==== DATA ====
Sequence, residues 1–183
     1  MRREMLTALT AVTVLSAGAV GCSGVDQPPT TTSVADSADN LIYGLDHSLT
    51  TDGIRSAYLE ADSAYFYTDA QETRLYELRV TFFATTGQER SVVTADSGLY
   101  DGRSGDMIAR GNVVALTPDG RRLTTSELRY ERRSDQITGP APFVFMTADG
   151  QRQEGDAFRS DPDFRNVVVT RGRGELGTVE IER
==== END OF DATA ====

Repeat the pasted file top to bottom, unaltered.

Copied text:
Sequence, residues 1–183
     1  MRREMLTALT AVTVLSAGAV GCSGVDQPPT TTSVADSADN LIYGLDHSLT
    51  TDGIRSAYLE ADSAYFYTDA QETRLYELRV TFFATTGQER SVVTADSGLY
   101  DGRSGDMIAR GNVVALTPDG RRLTTSELRY ERRSDQITGP APFVFMTADG
   151  QRQEGDAFRS DPDFRNVVVT RGRGELGTVE IER